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Product Details

  • Release Date: 7/14/2009
  • Label: Archeophone Records
  • UPC: 778632901476
  • Catalog Number: 9013
  • Sales rank: 207,306

Tracks

Disc 1
  1. 1 Everybody Works But Father - Bill Murray (3:04)
  2. 2 Waiting at the Church - Ada Jones (2:28)
  3. 3 Love Me and the World Is Mine - Henry Burr (2:35)
  4. 4 Fol the Rol Lol - Edward M. Favor (2:33)
  5. 5 Nobody - Bert Williams (2:55)
  6. 6 Forza del Destino - Solenne in Quest' Ora - Antonio Scotti (4:11)
  7. 7 Wait 'Till the Sun Shines, Nellie - Byron Harlan (2:55)
  8. 8 Why Don't You Try? - Harry Tally (2:50)
  9. 9 He Walked Right in, Turned Around and He Walked Right out Again @@Bob Roberts (2:39)
  10. 10 How'd You Like to Spoon with Me? - Haydn Quartet (2:05)
  11. 11 Buffalo Rag - Vess L. Ossman (2:12)
  12. 12 Bill Simmons - Arthur Collins (2:59)
  13. 13 Just a Little Rocking Chair and You - Ada Jones (2:07)
  14. 14 Cheyenne - Billy Murray (2:48)
  15. 15 The Good Old U.S.A. - Byron Harlan (2:01)
  16. 16 Good Night, Little Girl, Good Night - Henry Burr (2:43)
  17. 17 Let It Alone - Bert Williams (2:41)
  18. 18 Peaches and Cream - Len Spencer (2:49)
  19. 19 So Long, Mary! @@Corinne Morgan (2:56)
  20. 20 Love Me and the World Is Mine - Albert Campbell (2:39)
  21. 21 On the Rocky Road to Dublin - Arthur Pryor's Band (2:10)
  22. 22 The Linger Longer Girl - Frank C. Stanley (2:41)
  23. 23 The Leader of the German Band @@Collins (2:51)
  24. 24 Wait Till the Sun Shines, Nellie - Harry Tally (2:50)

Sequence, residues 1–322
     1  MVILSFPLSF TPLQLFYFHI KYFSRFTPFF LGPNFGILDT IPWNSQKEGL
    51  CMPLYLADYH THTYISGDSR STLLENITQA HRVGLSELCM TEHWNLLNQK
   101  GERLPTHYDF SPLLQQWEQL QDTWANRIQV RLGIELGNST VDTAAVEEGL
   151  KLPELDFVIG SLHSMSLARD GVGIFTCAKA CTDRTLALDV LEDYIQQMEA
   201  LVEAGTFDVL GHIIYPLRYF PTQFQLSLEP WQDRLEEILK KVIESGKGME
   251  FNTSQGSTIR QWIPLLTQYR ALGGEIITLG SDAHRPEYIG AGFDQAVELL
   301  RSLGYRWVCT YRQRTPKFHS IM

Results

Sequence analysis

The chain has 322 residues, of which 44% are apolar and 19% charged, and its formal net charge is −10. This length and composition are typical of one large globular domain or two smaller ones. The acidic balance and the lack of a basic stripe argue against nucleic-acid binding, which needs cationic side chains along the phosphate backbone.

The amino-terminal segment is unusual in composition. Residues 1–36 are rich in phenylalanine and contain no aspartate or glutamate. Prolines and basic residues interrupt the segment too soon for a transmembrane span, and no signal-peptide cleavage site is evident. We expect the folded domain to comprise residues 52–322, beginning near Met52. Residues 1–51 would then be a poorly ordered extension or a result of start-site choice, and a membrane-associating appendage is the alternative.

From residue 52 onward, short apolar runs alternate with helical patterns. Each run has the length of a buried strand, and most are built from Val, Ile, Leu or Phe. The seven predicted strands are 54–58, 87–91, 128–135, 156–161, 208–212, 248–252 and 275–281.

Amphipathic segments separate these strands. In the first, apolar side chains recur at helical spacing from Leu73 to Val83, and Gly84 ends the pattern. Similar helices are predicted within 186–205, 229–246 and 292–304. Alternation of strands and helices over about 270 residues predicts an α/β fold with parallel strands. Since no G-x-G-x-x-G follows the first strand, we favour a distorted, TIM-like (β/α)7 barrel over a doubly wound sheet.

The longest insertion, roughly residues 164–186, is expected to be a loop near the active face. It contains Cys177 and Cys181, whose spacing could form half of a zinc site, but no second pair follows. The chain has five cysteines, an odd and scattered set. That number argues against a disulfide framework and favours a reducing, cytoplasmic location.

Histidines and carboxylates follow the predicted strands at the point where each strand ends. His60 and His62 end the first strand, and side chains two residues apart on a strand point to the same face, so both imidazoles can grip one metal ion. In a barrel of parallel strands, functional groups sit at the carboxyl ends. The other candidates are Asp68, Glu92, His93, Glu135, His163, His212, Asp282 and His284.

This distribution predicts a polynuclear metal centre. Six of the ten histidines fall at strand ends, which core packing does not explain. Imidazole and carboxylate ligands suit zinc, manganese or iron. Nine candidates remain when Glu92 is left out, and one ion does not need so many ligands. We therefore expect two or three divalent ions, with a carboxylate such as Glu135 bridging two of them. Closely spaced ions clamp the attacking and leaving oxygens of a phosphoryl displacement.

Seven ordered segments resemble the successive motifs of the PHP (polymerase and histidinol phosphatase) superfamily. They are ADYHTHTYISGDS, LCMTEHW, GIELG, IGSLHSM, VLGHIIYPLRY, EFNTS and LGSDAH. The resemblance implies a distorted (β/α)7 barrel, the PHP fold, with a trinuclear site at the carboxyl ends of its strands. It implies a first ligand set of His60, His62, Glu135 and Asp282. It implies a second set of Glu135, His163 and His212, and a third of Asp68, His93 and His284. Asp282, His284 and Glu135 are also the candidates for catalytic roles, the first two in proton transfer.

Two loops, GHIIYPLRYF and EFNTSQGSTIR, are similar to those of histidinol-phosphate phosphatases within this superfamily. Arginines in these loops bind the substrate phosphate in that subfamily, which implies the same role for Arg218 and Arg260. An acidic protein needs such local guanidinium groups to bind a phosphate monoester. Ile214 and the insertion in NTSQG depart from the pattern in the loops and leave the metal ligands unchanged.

25. 25 Waltz Me Around Again Willie - Billy Murray (3:10)
  26. 26 Will You Love Me in December as You Do in May - Harry Macdonough (2:48)
  27. 27 The Grand Old Rag - Billy Murray (2:47)
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Album Credits

Performance Credits
Bert Williams Baritone (Vocal)
Henry Burr Tenor (Vocal), Soloist
Albert Campbell Tenor Saxophone, Tenor (Vocal)
Arthur Collins Baritone, Baritone (Vocal), Soloist
Byron Harlan Tenor (Vocal)
Harry Macdonough Tenor Saxophone, Tenor (Vocal)
Vess L. Ossman Banjo, Soloist
Billy Murray Tenor (Vocal)
Harry Tally Tenor Saxophone, Tenor (Vocal)
Billy Murray Quartet Tenor Saxophone
Technical Credits
Giuseppe Verdi Composer
George M. Cohan Composer
Jerome Kern Composer
Arthur J. Lamb Composer
Andrew B. Sterling Composer
Harry Von Tilzer Composer
J.J. Walker Composer
Bert Williams Composer
Ed Rose Composer
Alex Rogers Composer, Author
Tim Brooks Source Material, Contribution
Edward Laska Composer
Fred W. Leigh Composer
Edward Madden Composer
Ren Shields Composer
Percy Wenrich Composer
Tom Turpin Composer
Will D. Cobb Composer
Harry Williams Composer
Meagan Hennessey Producer, Song Notes
Todd Becker Contribution
Theodore Morse Composer
David Giovannoni Contribution
Tally Composer
Pryor Composer
Ossman Composer
Macdonough Composer
Jones Composer
Williams Composer
Harlan Composer
Burr Composer
Edward Laska Composer
Favor Composer
Henry E. Pether Composer
Morgan Composer
Murray Composer
Roberts Composer
Caruso Composer
Collins Composer
Stanley Composer